Verizon Moves Closer to the Channel in the Cloud AgeBy Michael Vizard | Posted 2014-09-04 Email Print
Re-Thinking HR: What Every CIO Needs to Know About Tomorrow's Workforce
Verizon Enterprise Services has enhanced its channel program and is looking to recruit partners to resell its cloud services.
There's never been much love lost between traditional resellers and providers of telecommunications services. As part of an effort to secure telecommunications services, the latter group has been accused of selling network infrastructure equipment in a way that undercuts traditional resellers just to secure the contract.
However, with the rise of the cloud, the relationship between these two segments of the channel is starting to fundamentally change. Verizon, for example, is making a concerted effort to recruit channel partners to resell its cloud services. Under the terms of a recently expanded channel program, Verizon Enterprise Services is now making available options not only to be rewarded for being an agent, but also opportunities to resell and collaboratively deliver cloud and telecommunications services.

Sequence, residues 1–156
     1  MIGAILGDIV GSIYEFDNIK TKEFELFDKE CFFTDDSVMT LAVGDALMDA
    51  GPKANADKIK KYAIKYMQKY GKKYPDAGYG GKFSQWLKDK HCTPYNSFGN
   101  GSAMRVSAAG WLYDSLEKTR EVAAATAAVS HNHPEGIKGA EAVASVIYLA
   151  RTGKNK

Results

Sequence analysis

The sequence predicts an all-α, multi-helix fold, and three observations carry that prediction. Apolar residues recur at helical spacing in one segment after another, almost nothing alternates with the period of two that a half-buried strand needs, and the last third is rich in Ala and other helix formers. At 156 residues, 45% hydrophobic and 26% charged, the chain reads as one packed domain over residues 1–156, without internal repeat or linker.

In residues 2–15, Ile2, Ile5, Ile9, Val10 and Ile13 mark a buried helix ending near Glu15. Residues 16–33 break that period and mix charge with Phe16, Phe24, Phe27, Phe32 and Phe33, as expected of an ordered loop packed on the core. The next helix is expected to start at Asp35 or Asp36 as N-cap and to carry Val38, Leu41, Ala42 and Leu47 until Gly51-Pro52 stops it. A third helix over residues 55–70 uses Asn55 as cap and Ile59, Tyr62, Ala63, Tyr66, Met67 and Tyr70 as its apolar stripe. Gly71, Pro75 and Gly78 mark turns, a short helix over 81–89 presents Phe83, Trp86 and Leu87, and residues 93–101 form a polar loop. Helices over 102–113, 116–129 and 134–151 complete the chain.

Verizon's goal is to increase its market penetration by leveraging channel partners to resell its cloud services, said Janet Schijns, vice president of medium business and channel for Verizon Enterprise Services. To that end, Verizon Enterprise Services has also significantly upgraded the portal through which it engages its partners.
"We want to expand the ecosystem that helps solve customer problems," Schijns said. "As a corporate culture, we're making a choice to not try and be everywhere."
Many traditional channel partners can't afford to make the capital investments required to build out their own cloud. By leveraging the Verizon cloud, channel partners can tap into recurring services revenues opportunities that over the long haul are going to be more profitable than simply reselling networking equipment, Schijns said.
The way telecommunications and cloud computing services are being consumed is fundamentally changing. Not only are these services being increasingly bundled together, more sophisticated organizations are leveraging application programming interfaces to access those services via portals that give them more control over how much of those resources are consumed.
As networking and cloud computing evolve, every entity in the channel is going to be providing services to one degree or another. The challenge going forward is finding the lines that delineate those services in a way that is transparent to the customer but still profitable for IT service providers, large and small.
Michael Vizard has been covering IT issues in the enterprise for 25 years as an editor and columnist for publications such as InfoWorld, eWEEK, Baseline, CRN, ComputerWorld and Digital Review.